Five Basic Methods Every Aspiring Chef Must Master

By on January 11, 2013

Making delectable cuisines not only depend on the ingredients you use.  Technique is also an essential contributor. However, it is not something you can just pick up from a grocery aisle or order online. You have to get trained to know about them. And then, you need to practice in order to properly apply them. It’s not enough that you watch cooking shows because instructions are usually fast and fleeting. And books won’t help you either because they don’t allow you to see how to execute the directions stipulated. Fortunately, there are short cooking courses you can take to improve your culinary technique. That way, you do not compromise the quality of the food you are preparing and you are able to fully meet your expectations as well as others.

Now, just to clarify, here are some of the techniques you should be able to perform after attending cooking classes.
a. Braising
–       a type of cooking technique wherein the main ingredient is seared and then simmered in liquid over low heat. It is done to tenderize the meat in an inexpensive way and have it absorb flavor better. It is also pursued when one wants to create a delicious sauce, broth or gravy. And usually, it is applied on pork, beef, and shelled seafood since they are the ones that have tough parts. Nevertheless, in some occasions, fish, chicken and vegetables are also braised. You could use a pressure cooker when pursuing this technique with a large sauté pan, Dutch oven and crock pot. To start off, you will have to season the main ingredient accordingly. Then, you will have to heat up the pan with oil, sauté the ingredient on medium heat until golden brown, after which, add cooking liquid (stick, wine, juice, or water), cover it and place it inside a pre-heated oven until the meat is more edible.

b. Roasting
–       this dry heat method of cooking makes use of a pan and an oven or, in the olden days, a fire pit. It was previously observed as a means to prepare food when camping and was said to have been accidentally discovered by our ancestors. It is often preferred as a means for cooking large, solid, lean meat ingredients, from pork to poultry. To secure flavor and moisture, the person cooking must see to it that they regularly baste the meat or marinate it for 6 to 8 hours before roasting. Other acceptable preparation practices include larding (inserting fat into the meat), barding (draping fat over the meat) and brining (brushing it with salt and water solution). As far as the temperature goes, there will be a number of variables to consider in order to properly cook the meat. The weight will be a major factor in the decision as well as how fast you want the meat to get done. And how you want it cooked (rare, medium, well done) will also influence how high the heat will be.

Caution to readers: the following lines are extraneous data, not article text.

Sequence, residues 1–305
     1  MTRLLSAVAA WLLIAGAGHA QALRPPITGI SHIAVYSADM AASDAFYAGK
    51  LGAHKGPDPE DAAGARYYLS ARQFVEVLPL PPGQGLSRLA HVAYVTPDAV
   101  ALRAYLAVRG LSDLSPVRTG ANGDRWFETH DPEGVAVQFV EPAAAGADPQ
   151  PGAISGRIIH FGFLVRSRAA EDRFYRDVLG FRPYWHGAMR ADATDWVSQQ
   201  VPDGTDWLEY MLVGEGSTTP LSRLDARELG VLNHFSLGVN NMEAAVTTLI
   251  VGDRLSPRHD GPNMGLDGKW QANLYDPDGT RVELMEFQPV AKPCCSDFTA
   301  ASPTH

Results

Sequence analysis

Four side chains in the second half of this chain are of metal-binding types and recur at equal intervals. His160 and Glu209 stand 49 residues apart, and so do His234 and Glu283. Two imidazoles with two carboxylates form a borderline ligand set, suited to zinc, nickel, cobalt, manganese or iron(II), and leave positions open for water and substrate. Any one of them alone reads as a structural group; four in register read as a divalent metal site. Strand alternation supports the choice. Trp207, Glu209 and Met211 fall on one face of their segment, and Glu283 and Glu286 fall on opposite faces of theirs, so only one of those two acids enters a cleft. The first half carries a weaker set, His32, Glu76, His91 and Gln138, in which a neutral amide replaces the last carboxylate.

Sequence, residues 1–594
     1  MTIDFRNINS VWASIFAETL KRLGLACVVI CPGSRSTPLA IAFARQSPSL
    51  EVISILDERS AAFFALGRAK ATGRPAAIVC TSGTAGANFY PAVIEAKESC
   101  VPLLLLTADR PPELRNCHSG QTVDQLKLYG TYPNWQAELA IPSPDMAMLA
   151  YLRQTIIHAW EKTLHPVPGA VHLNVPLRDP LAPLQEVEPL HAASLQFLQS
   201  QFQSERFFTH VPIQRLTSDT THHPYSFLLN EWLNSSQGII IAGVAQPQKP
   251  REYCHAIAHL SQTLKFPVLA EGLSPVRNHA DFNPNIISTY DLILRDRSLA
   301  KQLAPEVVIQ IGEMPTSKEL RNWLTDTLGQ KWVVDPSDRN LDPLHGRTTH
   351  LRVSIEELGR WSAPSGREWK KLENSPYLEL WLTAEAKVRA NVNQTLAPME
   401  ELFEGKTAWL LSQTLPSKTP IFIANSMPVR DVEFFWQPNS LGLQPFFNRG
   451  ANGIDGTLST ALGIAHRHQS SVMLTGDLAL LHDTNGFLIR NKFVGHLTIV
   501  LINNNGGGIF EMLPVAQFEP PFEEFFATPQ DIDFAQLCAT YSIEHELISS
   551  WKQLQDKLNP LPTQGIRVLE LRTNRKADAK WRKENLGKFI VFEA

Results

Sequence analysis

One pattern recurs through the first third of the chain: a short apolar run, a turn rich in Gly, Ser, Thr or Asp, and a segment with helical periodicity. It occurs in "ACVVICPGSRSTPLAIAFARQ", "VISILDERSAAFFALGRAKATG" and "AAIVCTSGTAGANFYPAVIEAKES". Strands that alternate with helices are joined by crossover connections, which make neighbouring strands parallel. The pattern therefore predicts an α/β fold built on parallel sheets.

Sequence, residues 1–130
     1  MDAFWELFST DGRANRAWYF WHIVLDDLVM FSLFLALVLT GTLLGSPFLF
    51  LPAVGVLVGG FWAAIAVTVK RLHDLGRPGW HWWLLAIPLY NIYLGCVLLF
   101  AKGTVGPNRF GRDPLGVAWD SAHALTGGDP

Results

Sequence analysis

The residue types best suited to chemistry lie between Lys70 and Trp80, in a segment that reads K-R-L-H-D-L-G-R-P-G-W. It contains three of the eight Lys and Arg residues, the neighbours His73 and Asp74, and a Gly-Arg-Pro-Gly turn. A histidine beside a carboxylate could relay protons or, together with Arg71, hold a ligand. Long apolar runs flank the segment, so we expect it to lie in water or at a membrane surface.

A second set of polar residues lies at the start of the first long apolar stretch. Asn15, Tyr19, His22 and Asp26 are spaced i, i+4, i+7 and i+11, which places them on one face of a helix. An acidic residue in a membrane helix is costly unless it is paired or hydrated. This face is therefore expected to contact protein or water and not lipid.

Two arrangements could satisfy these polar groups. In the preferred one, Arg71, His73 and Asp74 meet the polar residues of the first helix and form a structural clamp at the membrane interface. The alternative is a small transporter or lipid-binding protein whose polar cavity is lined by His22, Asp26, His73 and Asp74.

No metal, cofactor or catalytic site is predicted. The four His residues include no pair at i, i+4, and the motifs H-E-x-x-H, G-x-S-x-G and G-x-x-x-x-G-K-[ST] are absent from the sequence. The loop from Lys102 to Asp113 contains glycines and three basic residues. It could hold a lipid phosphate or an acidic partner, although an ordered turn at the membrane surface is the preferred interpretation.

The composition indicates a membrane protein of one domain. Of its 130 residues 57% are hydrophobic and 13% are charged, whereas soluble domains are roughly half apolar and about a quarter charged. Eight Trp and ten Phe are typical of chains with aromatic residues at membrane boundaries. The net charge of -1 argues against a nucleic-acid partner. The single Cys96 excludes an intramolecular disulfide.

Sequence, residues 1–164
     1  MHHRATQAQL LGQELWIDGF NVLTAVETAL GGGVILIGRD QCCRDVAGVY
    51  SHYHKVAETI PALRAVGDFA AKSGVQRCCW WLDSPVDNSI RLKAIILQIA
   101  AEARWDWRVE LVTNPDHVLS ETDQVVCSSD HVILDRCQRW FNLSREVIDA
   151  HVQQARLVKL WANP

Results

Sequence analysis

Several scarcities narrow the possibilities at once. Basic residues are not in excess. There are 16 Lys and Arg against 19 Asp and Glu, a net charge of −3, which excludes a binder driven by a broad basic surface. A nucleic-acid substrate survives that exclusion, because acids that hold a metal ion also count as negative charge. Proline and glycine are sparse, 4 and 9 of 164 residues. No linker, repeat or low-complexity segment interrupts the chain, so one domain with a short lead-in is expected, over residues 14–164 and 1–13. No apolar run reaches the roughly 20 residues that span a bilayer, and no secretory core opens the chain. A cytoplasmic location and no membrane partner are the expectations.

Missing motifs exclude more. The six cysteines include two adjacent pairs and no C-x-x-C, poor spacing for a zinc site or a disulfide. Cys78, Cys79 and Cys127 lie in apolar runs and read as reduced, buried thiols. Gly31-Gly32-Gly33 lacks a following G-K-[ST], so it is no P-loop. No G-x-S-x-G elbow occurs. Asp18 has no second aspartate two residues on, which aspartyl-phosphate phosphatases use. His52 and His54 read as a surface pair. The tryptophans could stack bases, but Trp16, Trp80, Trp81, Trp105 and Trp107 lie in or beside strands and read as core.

c. Poaching
–       this particular technique you learn from cooking classes refers to the process of gently simmering food in liquid, usually water, wine or milk. It is done to reduce the ingredient’s exposure to fat as well as keep its delicate form intact. It is often applied on poultry, fish, fruit and eggs, which often dry out or fall apart when subjected to other methods of cooking. When one poaches, low heat is often observed and the development of the ingredient is patiently observed. In the case of eggs, the poaching technique often requires the application of a water and vinegar mixture so that it forms properly. For fish, white wine is used; poultry would be stock and fruit is usually cooked in red wine.

d. Grilling
–       this alternative form of dry heat cooking makes use of a grill and a pit full of burning charcoal/wood embers to cook food. It is applied to cook meat quickly. It is pretty much like broiling except that the source of heat for the former comes from below, while the latter comes from above. This particular technique can be used for any type of ingredient, whether it is cuts of beef, fish, chicken or vegetables. Just make sure that they are religiously monitored and flipped because direct fire exposure can hastily destroy the food’s taste.

e. Frying
–       this technique calls for the use of oil or other fat substitutes to cook ingredients and add in flavor. Originally practiced in Egypt back in 2500 BC, it has grown to become one of the most popular and vastly applied methods of cooking in the United States. There are a lot of comfort foods that are prepared through this process, including omelets, pancakes, donuts, potato chips and bread. And they are often the main technique of choice for fast food products.

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Cedric Loiselle is a highly talented writer providing quality articles for a wide range of niches including business and finance, as well as topics on cooking and food. If you are looking for the best cooking classes New Orleans could offer, you will find valuable tips from his articles.

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